In order to add and delete a text for the rich text in a cell, it is required to create a script while the current text style is kept. This is actually complicated. In this post, I would like to introduce the enriched management of rich text on Google Spreadsheet using Google Apps Script. In order to enrich the management of Rich Text using Google Apps Script, I created a library RichTextAssistant.
Some very clever work from Kanshi Tanaike which can help with the management of cell text formatting in Google Sheets. The RichTextAssistant Apps Script library included in the post has some nice methods for both handling and preserving cell text formatting. It’s worth spend a little time checking the various samples provided to see what is possible and how these might enhance one of your own script projects. If you are curious the source code for the library is also on GitHub and linked from the post.
If you are playing around with Sheet colors with Apps Script, you sometimes find yourself with font colors that don’t go well with the background colors you’ve chosen. However, we can use Yiq values to decide whether the luminance of the background color would be best with a light or a dark foreground font color. Here’s a small Apps Script library to figure it out for you.
Nice little helper library from Bruce Mcpherson if you’ve like to automatically apply contrasting colours to Google Sheets ranges. The source post from Bruce provides the background to the YIQ colour system as well as how to use the library. Follow the source link for more details.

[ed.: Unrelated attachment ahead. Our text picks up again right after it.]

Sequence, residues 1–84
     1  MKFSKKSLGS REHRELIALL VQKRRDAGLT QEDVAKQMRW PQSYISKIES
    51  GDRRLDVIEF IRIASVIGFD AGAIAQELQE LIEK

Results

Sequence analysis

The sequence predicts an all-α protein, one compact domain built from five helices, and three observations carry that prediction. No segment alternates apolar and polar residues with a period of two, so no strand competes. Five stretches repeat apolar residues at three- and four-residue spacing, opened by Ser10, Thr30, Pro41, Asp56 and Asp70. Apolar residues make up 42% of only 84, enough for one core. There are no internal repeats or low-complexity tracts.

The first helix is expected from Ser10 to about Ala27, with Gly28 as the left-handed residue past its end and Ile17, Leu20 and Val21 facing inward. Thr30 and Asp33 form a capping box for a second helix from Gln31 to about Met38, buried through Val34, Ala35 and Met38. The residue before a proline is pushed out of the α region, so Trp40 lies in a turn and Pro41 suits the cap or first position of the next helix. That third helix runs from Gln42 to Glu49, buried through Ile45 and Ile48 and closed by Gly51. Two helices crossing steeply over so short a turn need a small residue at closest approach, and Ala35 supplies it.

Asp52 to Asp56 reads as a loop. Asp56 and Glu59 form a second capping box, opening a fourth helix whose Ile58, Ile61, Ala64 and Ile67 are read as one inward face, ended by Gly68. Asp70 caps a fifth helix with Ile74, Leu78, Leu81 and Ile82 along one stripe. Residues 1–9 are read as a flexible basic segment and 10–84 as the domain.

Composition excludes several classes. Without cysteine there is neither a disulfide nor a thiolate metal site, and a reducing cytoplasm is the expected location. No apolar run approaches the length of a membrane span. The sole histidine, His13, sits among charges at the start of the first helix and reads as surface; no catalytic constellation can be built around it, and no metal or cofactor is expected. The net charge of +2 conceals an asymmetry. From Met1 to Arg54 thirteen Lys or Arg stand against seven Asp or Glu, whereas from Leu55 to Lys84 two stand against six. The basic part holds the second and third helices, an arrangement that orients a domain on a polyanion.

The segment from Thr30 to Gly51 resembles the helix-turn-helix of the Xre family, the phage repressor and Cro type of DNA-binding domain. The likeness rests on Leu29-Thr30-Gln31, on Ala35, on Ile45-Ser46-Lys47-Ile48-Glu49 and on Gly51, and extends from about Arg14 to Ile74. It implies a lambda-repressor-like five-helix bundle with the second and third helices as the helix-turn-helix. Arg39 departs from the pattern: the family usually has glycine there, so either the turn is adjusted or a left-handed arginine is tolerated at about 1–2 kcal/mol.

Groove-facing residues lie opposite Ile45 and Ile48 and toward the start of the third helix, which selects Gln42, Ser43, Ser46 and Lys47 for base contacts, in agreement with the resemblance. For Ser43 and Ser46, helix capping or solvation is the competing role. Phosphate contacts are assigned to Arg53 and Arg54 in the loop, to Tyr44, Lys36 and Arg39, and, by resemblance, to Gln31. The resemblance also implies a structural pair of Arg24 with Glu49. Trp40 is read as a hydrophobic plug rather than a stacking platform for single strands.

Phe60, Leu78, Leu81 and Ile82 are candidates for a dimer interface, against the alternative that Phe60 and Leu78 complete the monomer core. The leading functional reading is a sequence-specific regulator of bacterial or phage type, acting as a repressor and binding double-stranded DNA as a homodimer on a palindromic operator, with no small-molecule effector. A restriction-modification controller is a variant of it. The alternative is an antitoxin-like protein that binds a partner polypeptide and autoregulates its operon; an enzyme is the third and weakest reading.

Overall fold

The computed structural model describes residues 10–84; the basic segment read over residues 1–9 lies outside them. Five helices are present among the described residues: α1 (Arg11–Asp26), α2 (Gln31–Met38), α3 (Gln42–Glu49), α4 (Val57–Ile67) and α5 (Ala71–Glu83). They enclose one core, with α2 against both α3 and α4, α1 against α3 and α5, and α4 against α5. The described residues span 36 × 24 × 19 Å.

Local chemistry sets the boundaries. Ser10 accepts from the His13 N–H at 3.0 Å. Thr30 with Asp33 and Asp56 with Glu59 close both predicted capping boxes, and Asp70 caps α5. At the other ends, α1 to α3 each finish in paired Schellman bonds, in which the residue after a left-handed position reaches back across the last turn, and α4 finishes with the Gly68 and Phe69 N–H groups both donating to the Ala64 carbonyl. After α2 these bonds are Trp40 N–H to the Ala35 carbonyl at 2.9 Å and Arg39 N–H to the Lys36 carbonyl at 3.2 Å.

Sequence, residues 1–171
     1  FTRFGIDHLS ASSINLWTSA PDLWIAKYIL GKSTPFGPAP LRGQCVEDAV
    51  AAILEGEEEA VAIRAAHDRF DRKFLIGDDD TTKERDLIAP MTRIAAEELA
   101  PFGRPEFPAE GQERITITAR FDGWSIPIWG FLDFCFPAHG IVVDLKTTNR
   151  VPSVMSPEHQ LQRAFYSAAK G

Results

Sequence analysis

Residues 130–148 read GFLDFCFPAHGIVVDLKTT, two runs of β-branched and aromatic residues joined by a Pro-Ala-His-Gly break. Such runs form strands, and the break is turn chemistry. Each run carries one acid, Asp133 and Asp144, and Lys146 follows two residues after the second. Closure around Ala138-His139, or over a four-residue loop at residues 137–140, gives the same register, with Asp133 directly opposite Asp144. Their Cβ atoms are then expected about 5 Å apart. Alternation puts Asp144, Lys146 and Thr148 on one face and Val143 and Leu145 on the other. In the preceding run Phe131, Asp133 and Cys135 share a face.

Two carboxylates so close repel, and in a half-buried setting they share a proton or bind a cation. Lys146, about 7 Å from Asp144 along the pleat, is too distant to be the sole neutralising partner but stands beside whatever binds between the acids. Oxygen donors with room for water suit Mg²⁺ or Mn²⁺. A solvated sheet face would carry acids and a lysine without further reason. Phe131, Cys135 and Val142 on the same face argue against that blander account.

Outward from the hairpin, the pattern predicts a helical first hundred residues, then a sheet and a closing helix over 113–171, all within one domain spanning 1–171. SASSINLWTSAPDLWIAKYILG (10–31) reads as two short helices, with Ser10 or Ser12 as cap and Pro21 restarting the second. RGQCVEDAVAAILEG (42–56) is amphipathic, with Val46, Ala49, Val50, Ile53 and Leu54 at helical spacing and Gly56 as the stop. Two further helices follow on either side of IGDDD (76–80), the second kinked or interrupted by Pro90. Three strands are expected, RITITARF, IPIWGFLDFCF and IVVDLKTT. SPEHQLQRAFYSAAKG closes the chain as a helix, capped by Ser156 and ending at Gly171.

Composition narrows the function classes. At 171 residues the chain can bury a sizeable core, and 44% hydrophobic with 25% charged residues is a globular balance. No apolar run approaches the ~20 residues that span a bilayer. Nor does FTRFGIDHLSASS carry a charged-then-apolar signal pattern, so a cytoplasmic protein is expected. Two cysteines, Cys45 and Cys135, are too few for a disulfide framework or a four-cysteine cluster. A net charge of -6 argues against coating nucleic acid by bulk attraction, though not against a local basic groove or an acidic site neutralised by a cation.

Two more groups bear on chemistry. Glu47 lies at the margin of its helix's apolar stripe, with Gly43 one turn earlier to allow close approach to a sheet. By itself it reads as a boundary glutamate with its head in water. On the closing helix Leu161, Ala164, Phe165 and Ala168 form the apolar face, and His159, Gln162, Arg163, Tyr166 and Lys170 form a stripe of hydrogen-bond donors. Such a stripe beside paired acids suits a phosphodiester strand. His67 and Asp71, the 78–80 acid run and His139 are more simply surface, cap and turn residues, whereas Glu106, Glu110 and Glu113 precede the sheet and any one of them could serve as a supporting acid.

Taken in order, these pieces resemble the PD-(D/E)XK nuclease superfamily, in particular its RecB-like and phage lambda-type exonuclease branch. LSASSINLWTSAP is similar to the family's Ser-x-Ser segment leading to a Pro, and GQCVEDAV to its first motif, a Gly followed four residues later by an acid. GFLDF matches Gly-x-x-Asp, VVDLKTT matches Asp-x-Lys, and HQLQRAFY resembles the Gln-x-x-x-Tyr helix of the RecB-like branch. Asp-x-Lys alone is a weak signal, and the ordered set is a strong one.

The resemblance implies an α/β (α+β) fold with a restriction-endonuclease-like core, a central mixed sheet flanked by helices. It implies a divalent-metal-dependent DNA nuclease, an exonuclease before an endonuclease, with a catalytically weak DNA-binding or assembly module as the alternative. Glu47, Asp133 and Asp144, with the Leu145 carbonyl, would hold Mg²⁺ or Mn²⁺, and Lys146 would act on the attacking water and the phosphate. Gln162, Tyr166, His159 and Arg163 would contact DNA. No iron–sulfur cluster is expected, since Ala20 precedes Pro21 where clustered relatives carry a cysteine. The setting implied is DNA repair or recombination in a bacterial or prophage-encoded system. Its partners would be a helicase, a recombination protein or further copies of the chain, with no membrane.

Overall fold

AppSheet is headlined as a no-code platform but this doesn’t mean for developers there aren’t coding opportunities. In this post I’ll be sharing AppSheetApp, a Google Apps Script helper library we’ve made at CTS which makes it easy to use the AppSheet API in your own AppSheet apps. As part of this I’ll highlight how this library has made our AppSheet powered Grab n Go Chromebook loaner solution immediately scalable and data source agnostic.
In this post the worlds of AppSheet and Apps Script collide, the resulting fusion is a library which makes it easier to integrate external data and events into your AppSheet app. This solution hopefully makes it a lot easier for developers and low coders to do more with AppSheet creating the possibility to use one (or a couple) of lines of code to interact with your app and not worry which data source your app is using. This post has more details of how you can get started and an example of the impact its already making with an alternative Grab n Go Chromebook loaner solution I’ve been part of at CTS.
When I create some applications using Google Drive, there are often the case which is required to retrieve the file list and folder list. I had prepared the script each time for each case so far. But recently, I thought that if there is a library for retrieving the file and folder list (as a tree), it will be useful for me and other developers.
The library lets you send emails, using MailApp, GmailApp, and Gmail API. The library takes care of parameters, so you do not need to care about which method to use. I had trouble with my project when I wanted to automatically send emails and suddenly for me we’ve reached the daily limit. This is why I’ve decided to make some research and be sure fewer bad things happen in the future.